After I’d been convinced of the Church, that went hand in hand with a desire to learn the traditions of the Church. I’m very passionate with everything in life, so naturally I was passionate in teaching my daughters of headcovering, but I was also passionate about learning the hourly prayers in order to make Orthodoxy a lifestyle, not just something that we do.

    In the Orthodox Church, we’re told that the Holy Eucharist is for the remission of our sins but we’re also told that many Saints had never taken it in their lives, [St. Antony] or had only taken it once [St. Mary of Egypt]. These individuals were saints as all others, but had a different sort of communion between themselves and God. Most of their biographies emphisize a strict adhereance to the Jesus prayer, amongst other prayers.

    Thou I don’t have the hourly prayers memorized, I believe their is a great importance in them that people have lost and before my demise, I’d like to memorize and become a fluent part of my lifestyle.

    ….I didn’t anticipate this being so long….opps…


    • 5 Anna December 14, 2009 at 9:15 am

      “Minister to everyone that you come in contact with and if necessary use words” Sigh. St. Francis of Assisi said this. Not Orthodox, but practical. 😉

  4. 6 Kristie December 14, 2009 at 10:33 am

    Very good comments so far 🙂 I watch the video last night (along with several others 🙂 ) and while I am not Orthodox, I totally get what you are saying! The longer I cover, the more I feel it is much more about obedience for me, than just the whole 1 Corinthians 11 verse. If that even makes sense. For a long time I has an internal struggle with covering, and God made it clear that I was to do this for Him, not for anyone else. He has used it to make things clear to me, especially with all my internal struggles. He is definitely using it to accomplish things in my life 🙂

  5. 7 Jennifer Rachel December 14, 2009 at 12:34 pm

    Well, my priest is far from lazy… he just has a different opinion about head coverings- as most Greeks in America do. He’d be the first to say that the Orthodox (as a whole) do not have a hard and fast rule about covering, but that if you as an individual feel he need to cover, then you should. After all, Greek Orthodox monasteries in America require women to wear coverings at all times while they are at the monastery.

    I’m not being critical here, by the way. I think the custom is great and I wish more folks in my parish would do it. However, if I end up adopting the veil, I am also grateful that I probably won’t get a second look from anyone.

  6. 8 Reza December 14, 2009 at 6:36 pm

    Anna, I’d often heard the quote from Orthodox Priests/Monks but it could have originated from St. Fransis, thou most Orthodox wouldn’t necessarily deny his Sainthood either. I’d like to go further thou and say that it’s the orthodox way and has been the orthodox way long before St. Francis had said it.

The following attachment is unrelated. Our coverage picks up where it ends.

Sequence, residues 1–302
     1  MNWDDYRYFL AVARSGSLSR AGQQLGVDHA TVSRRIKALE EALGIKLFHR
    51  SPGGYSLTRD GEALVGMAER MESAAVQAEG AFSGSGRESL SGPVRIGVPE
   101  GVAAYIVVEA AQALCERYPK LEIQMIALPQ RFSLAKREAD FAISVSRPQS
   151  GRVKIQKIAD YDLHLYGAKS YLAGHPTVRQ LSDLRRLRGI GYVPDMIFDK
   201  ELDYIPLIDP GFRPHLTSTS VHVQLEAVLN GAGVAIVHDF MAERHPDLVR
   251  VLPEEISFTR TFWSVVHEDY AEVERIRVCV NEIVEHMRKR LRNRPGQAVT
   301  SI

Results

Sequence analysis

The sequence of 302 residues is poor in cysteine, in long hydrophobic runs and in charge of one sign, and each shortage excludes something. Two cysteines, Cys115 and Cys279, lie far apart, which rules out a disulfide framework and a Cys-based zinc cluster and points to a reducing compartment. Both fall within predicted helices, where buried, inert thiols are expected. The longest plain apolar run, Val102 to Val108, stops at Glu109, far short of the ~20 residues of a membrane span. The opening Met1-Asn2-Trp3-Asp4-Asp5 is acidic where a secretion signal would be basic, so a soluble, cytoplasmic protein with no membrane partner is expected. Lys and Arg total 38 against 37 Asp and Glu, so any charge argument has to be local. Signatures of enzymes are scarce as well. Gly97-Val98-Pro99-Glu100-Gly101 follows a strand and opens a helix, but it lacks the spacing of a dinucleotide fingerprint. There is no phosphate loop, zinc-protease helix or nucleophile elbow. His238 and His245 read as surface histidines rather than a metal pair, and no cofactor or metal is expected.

In terms of the Greek Orthodox Cultural Debate. It has nothing to do with laziness, more to do with not wanting to appear to be Islamic, but most significantly is it’s casual disappearance from the Greek Rite. In the modern generations, weather in Greece [it’s not just in America] or in America, it’s not about rebelling against the tradition, so much as that it’s never been a tradition according to the farthest memory of the people. It’s often not thought of as a tradition that has disappeared so much as a tradition that never was, because it’s been gone for so long. I have a friend that lives in Cyprus and she said that people are literally hostile towards women that do wear a headscarf because it’s been gone for so long in their churches.


    In terms of the “long hair debate”, it’s important to point out that many monks do grow out their hair, but this is in a different context. It’s in the context of being dead to the world to the point of neglecting one’s own body. It’s a form of ascenticism. It cannot be used to deminish the teachings of St. Paul.

    What is most beautiful about Orthodoxy is that we don’t believe in Sola Scriptura [Bible alone]. Therefore the context of “headcovering” as mentioned in the Bible, doesn’t apply to every circumstance. In Protestantism, the Bible is the corner stone of their faith, in Orthodoxy it’s the Church and variations within the different Churches isn’t a threat to the faith.

    In the Bible, it’s often misunderstood that tattoos are forbidden, but in the context of the Church, it is acceptable, as Christians have been tattooing the cross on their bodies [IE: Copts get tattoos on their wrists and Ethiopians get tattooes on their foreheads].

    The Ethiopian Orthodox liturgy venerates the ark of the covenant, in which is still has possession of the original, while the other churches do not in their liturgies.

    The Ethiopian Orthodox Biblical Cannon is the largest of all Orthodox Churches [88 books], where as the Syriac Orthodox is the shortest of all Cannons, yet their in complete communion. There is no contradition here.